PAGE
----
If you searched “Brie Larson” on YouTube a couple of days ago, the top search results were calls for a boycott of Captain Marvel, and angry rants about Larson’s involvement in the Marvel Cinematic Universe. With one small change, YouTube made all of that disappear.
This week, YouTube recategorized “Brie Larson” as a news-worthy search term. That does one very important job: it makes the search algorithm surface videos from authoritative sources on a subject. Instead of videos from individual creators, YouTube responds with videos from Entertainment Tonight, ABC, CBS, CNN, and other news outlets first.
The algorithmic news tool was first rolled out in October 2017, following mass criticism over how YouTube’s search favored conspiracy videos over actual news after a mass shooting at a Las Vegas music festival. The change from the algorithmic search that comes from labeling an event as news can be seen below.
This is kind of a fascinating discovery: YouTube seems to have changed the immediate "Brie Larson" search results to News. That pushes up authoritative sources and, in turn, pushes troll or MRA-style video rants pretty far down the page. Here's what it was versus now. pic.twitter.com/ifw9JjXQie— julia alexander (@loudmouthjulia) March 7, 2019
Many of the responses seen in the first image in the tweet above aren’t news, but they fall under commentary or criticism in response to Larson calling for more diverse journalists at press junkets. Trolls started using sites like Twitter and YouTube to campaign against Larson and Captain Marvel. The campaign even led Rotten Tomatoes to institute a new anti-review bombing measure to deal with the cavalcade of angry people trying to tear down Captain Marvel’s page before its release.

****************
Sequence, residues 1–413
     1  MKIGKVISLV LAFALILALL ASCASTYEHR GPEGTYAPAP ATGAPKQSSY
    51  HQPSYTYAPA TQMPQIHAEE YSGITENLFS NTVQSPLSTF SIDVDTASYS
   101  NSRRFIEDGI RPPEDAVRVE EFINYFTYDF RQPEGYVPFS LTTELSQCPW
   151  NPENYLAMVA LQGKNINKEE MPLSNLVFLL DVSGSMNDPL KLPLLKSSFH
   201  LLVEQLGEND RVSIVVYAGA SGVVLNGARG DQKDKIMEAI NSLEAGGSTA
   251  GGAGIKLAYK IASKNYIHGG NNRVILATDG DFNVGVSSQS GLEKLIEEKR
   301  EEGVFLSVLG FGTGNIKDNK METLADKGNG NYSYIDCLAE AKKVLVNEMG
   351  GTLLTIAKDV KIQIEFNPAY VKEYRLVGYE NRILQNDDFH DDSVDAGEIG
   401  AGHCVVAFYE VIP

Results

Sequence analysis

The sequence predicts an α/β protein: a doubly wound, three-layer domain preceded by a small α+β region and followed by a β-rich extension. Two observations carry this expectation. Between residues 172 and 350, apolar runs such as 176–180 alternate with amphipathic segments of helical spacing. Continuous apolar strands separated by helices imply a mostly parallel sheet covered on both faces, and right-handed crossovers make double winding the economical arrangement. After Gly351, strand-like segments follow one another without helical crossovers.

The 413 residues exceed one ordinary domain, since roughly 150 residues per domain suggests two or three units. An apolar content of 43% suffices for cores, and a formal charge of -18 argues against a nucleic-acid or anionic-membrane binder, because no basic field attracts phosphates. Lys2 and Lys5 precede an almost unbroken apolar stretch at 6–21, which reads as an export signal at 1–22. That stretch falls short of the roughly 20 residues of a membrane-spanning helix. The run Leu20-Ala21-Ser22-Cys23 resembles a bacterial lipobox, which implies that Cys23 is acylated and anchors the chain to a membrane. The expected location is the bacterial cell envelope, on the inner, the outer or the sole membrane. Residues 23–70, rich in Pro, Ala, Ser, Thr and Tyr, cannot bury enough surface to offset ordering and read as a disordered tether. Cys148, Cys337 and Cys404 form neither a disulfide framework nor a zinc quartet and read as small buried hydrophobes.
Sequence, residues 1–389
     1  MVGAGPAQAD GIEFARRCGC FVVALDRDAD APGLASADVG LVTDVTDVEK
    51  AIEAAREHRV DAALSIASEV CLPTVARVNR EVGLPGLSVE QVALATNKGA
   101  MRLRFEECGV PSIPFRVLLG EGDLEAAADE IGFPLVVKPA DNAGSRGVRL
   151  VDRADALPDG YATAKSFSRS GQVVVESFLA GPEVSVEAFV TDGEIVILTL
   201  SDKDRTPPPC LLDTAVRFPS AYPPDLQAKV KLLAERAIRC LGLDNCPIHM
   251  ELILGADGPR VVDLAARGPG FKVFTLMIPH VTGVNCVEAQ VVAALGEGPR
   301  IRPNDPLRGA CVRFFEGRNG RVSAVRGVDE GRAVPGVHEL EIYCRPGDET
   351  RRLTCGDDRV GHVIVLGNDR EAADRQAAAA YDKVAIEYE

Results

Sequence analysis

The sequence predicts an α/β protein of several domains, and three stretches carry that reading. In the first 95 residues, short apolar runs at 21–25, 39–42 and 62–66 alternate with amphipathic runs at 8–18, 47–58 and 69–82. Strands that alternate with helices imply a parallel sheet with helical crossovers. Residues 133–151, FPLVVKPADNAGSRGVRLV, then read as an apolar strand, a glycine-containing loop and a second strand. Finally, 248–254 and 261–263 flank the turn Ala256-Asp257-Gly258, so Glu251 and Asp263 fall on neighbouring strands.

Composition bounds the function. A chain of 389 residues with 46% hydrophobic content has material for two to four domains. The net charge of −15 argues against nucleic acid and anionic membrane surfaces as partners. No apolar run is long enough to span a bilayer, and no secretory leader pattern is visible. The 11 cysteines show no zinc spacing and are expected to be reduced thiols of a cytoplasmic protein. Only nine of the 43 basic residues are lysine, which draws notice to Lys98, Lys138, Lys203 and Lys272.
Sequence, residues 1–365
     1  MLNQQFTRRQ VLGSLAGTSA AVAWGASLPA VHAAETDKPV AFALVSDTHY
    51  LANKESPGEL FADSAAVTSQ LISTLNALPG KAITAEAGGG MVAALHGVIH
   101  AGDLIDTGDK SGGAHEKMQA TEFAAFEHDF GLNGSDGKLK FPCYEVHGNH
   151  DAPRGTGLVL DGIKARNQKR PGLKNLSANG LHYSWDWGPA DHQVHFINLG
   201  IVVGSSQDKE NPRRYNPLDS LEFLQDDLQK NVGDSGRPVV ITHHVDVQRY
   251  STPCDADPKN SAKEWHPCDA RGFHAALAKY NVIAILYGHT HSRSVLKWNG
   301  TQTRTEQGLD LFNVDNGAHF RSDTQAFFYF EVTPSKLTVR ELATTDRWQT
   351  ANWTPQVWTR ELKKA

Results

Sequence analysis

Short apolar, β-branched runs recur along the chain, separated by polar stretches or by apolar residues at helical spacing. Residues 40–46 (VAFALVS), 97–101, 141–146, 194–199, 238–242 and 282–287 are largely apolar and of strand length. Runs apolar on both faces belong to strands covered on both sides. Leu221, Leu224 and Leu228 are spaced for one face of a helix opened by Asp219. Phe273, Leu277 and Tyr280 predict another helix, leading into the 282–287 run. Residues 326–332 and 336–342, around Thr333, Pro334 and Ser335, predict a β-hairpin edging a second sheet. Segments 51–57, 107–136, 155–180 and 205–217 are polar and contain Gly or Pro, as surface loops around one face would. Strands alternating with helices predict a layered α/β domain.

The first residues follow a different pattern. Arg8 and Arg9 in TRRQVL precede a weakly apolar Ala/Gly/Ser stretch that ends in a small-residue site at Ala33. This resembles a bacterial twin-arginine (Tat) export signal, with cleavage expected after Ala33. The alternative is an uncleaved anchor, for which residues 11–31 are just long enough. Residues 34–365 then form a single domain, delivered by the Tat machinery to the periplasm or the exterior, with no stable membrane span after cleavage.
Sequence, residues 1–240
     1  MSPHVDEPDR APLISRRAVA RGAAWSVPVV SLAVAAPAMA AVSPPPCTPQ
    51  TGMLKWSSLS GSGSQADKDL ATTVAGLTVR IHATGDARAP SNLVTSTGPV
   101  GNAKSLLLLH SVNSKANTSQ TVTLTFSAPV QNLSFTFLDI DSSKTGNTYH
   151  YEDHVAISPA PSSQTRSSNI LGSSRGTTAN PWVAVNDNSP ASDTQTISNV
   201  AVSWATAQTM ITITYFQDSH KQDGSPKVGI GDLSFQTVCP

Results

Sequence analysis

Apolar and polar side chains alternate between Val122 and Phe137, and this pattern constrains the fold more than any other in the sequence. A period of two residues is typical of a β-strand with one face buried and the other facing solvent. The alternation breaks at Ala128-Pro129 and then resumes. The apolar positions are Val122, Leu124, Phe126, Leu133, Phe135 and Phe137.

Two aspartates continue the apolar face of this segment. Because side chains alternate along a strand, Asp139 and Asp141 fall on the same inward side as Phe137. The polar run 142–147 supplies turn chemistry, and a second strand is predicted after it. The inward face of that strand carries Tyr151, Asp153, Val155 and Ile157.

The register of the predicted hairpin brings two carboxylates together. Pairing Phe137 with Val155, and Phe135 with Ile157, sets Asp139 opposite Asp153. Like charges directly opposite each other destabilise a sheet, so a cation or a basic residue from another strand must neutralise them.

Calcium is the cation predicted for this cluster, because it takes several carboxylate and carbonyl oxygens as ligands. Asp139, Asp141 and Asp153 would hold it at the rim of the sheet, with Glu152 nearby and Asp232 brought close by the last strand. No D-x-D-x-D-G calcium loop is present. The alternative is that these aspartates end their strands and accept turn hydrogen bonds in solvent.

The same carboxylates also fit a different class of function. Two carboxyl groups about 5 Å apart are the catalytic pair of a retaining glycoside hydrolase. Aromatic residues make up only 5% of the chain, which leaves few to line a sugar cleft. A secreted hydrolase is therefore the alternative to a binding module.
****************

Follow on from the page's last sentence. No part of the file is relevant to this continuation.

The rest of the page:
A YouTube spokesperson declined to comment on when a certain topic — like Brie Larson versus Captain Marvel — is designated as news. But The Verge confirmed this is part of YouTube’s ongoing campaign to ensure that when people use YouTube as a way of looking for news on a topic, the company relies on authoritative sources first and foremost.
The noticeable shift in responses speaks to an even bigger conversation about YouTube’s search algorithm: if this is a way to prioritize higher-quality videos when people are searching for a topic, could this be used for non-news topics, too?
Some creators see it as a problem if YouTube favors videos from approved news outlets instead of individuals. On Twitter, some critics and creators called it censorship from YouTube, while others commended the site for taking some kind of action. YouTube has millions of creators on the platform who are fighting to get their videos seen; if traditional news outlets are shown favoritism, it’s a cultural shift that will see immense backlash from a large portion of the creator community.